SolarReserve plans its second U.S. dispatchable solar project to be at the gigawatt scale of a nuclear plant. At 2 GW, the Sandstone Energy 10X project will have nearly 20 times the 110-MW capacity of Crescent Dunes; the California firm’s first fully dispatchable solar plant, able to deliver solar on demand.
This puts the Sandstone at the same capacity as the 2 GW Hoover Dam, at the other end of Nevada from Crescent Dunes.
Serious Grid-scale Storage
Sandstone is “all about storage,” according to SolarReserve. The gargantuan concentrated solar power (CSP) project would cost an estimated $5 billion and be delivering solar day or night by 2021.
At 20,000 MWh of storage, its solar storage would dwarf the capacity of the 400 MWh AES battery storage bid for Southern California Edison and pronounced “the world’s largest storage battery.”
Sandstone would have 50 times as much storage and would come online in 2021; the same year as the four hours of storage of the AES 100 MW (400 MWh) battery.
Its generous capacity would give Sandstone the flexibility to generate very large blocks of power on demand, morning, noon or night, including California’s peak evening load period.
Cheapest Stored Solar
CEO Kevin Smith told Renewable Energy World that the price will be cheaper than PV with battery storage, at somewhere “under 10 cents,” a remarkable 25 percent drop from SolarReserve’s first CSP project.
Crescent Dunes had a 13.5 cent per kWh power purchase agreement with NV Energy, negotiated in 2009.
Back in 2009, solar PV was in the 9 cent range, and is now breaking world records at around 3 cents. But the relatively higher solar price of SolarReserve’s CSP with storage really is not comparable to the price of solar PV without storage.
If utility-scale PV included battery storage to make it as dispatchable as CSP with its thermal storage, the combination, even at today’s lower battery prices, would likely be 15 cents or higher.
Sandstone would deliver solar at any hour day or night whenever the grid needed the generation, on demand, at under 10 cents.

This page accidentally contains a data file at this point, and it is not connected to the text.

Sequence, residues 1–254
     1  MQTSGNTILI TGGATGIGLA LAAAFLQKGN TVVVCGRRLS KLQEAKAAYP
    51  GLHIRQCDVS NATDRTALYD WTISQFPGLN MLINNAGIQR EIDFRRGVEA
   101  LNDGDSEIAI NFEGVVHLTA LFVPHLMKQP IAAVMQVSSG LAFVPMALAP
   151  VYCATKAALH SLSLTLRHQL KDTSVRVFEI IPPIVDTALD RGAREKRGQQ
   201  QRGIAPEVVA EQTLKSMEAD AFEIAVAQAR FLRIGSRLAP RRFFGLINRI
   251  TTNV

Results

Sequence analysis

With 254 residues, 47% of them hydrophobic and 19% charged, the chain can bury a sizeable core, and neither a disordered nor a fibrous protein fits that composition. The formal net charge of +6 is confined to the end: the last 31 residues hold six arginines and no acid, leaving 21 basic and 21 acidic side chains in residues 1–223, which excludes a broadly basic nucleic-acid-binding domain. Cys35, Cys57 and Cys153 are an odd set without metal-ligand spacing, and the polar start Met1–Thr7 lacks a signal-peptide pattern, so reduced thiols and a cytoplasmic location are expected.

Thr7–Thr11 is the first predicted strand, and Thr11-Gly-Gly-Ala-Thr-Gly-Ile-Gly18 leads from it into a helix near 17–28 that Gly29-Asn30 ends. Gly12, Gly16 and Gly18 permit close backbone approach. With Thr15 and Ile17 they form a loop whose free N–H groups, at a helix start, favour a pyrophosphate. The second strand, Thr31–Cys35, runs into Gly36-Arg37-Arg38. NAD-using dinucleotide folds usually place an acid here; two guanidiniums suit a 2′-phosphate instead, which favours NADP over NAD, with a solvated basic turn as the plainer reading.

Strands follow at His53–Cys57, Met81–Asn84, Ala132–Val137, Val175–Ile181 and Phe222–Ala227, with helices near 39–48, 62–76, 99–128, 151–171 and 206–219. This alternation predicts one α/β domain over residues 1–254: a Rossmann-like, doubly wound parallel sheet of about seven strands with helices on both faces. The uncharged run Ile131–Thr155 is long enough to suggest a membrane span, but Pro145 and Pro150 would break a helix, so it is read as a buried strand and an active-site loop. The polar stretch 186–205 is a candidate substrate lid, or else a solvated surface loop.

Longer Life Than Battery Storage
“We are truly bulk energy storage, with large blocks of power that we can move around as required by the utility, even be within the same day, depending on the utility’s power requirements,” Smith said. “Our project in Nevada charges and discharges 1,100 MWh of storage capability every single day, and unlike batteries, there’s no degradation. If you look at some of the top line battery manufacturers, you will see substantial degradation in a few years, while we have no degradation for 30 or more years.”
Sandstone would store each day’s solar heat in molten salt in tanks, where it loses only 1 percent of the stored energy daily, and the heat is tapped to generate steam for electricity generation at any time, in the same way as a gas, coal or nuclear plant.
So the firm’s solar power can be delivered on demand day or night, unlike solar PV, which needs backup power (often provided by natural gas plants) on cloudy days and peak usage hours in the evening.
The huge project would help supplant California’s requirement for dispatchable natural gas generation, further reducing California’s carbon footprint.
Part of what determines a solar price is the level of the solar resource, which for CSP is DNI, Direct Normal Irradiance; or relatively clear unpolluted air with few particles to scatter irradiance.
For example, in Chile’s Atacama desert, which has the best DNI in the world, SolarReserve recently tendered the world’s lowest bid ever for CSP with thermal storage — at just 6 cents per kWh for 24/7 power delivery that includes 14 hours of full load storage.
The solar resource in the Nevada desert is world class, but not quite at the level of Chile’s Atacama desert.
Where Nevada is well situated is for the huge scale of solar generation that California will need to meet its otherwise impossible targets.